One would think that a beautiful model would be aware of the fact that her career rests almost entirely on her own appearance and the superficial judgments of others. But not so. In fact, Ms. Rajandran told the media that she was shocked by the email incident. According to media reports, she "hoped that by her speaking out about it, the practice of culling models based solely on their appearance would change." Whoa, be careful there darlin' — the irony meter is going berserk! This thing's about to blow!
Even leaving Ms. Rajandran aside for the moment, a cursory look at other female models leads one to the unmistakable conclusion that the entire modeling industry is built on superficial kinds of discrimination, focused on characteristics that are largely the results of unchosen genetic gifts. This means that if race discrimination in modeling is unfair, then so is the entire idea of modeling — of favoring the beautiful over the ugly, the tall and thin over the short and stout, the young over the old, of favoring this "look" over that one, and so on.
Let's suppose that the offending modeling agency is correct in their assessment that the prospects for a non-Caucasian model in Perth are extremely limited. Why would this kind of race discrimination exist? Though there are certainly some people in the modeling industry who have control over the kinds of models chosen, presumably the ultimate culprit is the public, whose viewing and buying decisions determine what kind of "look" a modeling campaign needs to have in order to be successful. As Mises has noted, it is consumers, not producers, who are the ultimate decision makers in the market economy; it is not a particular modeling agency that is ultimately in control of the kinds of women who make it as models. Although they are the decision makers in many individual cases, in the long run, it is the preferences of people in the public who drive the demand for models of different kinds. If there is a preference for Caucasian models in the modeling industry, then this is most likely the result of the preferences of consumers in the public, just as is the preference for thin models over plump ones, young models over old ones, and so on.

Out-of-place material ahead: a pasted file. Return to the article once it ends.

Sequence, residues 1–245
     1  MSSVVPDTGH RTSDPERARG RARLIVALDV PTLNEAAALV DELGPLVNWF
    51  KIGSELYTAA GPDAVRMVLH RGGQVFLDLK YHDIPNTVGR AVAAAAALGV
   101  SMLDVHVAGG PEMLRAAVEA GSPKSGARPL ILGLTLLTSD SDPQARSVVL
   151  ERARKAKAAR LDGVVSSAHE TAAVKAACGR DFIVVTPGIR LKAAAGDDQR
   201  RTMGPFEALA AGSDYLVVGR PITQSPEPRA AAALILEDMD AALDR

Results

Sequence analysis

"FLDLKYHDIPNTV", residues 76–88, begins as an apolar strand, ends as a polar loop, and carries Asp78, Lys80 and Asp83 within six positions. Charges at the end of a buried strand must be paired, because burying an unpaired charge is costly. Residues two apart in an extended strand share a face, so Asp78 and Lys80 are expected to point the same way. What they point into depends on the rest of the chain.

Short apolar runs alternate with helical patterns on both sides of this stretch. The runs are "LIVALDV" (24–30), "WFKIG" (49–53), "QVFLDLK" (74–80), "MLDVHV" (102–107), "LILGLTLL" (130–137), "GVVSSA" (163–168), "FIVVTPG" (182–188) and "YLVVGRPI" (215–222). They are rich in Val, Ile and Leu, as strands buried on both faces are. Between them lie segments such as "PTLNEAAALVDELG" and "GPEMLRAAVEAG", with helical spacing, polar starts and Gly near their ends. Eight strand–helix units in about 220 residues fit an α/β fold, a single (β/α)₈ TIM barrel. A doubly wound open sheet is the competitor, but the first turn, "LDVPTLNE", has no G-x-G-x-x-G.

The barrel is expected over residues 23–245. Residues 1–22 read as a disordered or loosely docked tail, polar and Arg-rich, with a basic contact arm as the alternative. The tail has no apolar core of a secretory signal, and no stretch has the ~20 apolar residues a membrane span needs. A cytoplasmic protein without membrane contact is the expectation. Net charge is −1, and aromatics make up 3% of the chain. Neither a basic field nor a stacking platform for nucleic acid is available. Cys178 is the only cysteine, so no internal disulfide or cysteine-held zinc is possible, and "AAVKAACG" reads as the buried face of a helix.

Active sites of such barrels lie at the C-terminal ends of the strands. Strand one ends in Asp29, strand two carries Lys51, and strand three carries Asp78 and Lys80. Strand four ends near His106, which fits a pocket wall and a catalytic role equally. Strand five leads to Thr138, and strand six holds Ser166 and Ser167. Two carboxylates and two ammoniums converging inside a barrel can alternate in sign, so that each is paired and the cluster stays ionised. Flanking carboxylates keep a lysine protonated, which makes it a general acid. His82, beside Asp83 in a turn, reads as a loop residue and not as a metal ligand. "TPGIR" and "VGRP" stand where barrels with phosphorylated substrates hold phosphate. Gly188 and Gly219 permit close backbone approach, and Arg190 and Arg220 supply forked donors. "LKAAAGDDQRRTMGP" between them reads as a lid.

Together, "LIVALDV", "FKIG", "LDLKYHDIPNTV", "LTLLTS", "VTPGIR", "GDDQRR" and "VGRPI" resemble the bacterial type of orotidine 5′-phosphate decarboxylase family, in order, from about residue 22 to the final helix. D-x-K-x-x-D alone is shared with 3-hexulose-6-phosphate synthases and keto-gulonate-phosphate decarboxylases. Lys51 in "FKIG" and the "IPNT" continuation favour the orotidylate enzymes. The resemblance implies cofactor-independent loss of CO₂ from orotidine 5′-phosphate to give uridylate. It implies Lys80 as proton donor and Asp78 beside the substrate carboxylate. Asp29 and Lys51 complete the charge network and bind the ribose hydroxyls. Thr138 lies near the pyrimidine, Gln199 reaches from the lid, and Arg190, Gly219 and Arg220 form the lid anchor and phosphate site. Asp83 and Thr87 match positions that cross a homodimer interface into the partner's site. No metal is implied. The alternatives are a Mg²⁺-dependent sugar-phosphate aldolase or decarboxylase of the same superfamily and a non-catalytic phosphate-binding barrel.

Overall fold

If one has a complaint about race discrimination in modeling, then the ultimate target of that complaint is, well, basically everyone. People care about looks, and one's race and genetic lineage affect one's looks. Ms. Rajandran's deep-brown eyes, silky dark hair, light-brown skin, and long, elegant nose are all a product of her "non-Caucasian heritage," and yet these characteristics may well have been responsible for booking her some of her modeling gigs, and putting her image in front of thousands of gawking men the world over.
There's race discrimination in modeling? Wow, no kidding!
 See, e.g., Lucy Rickard, "Modelling agency denies racism claims," WA Today (March 16, 2011); "Indian model 'racially discriminated against,'" Ninemsn (March 16, 2011); Lucy Rickard and Aja Styles, "Fashion heavyweights call for change over racist claims," WA Today (March 16, 2011). Several other news services also followed the story.
 See Ludwig von Mises, Bureaucracy (2007), p. 17. There is some dispute in the present matter as to whether modeling agents are responding to actual public preferences, or simply self-profiling, in the absence of any particular public preference, or in opposition to them. Suresh Rajan, former president of the Ethnic Communities Council claims that the preference for Caucasian models in Perth is due to "whether or not the market sees it as being relevant" (Rickard and Styles ) though others in the modeling industry disagree. In either case, what is clear from Mises's work is that producers who do not produce in accordance with consumer preferences will not survive in the long run, and hence, ultimately, absent intervention, the consumers will drive the market.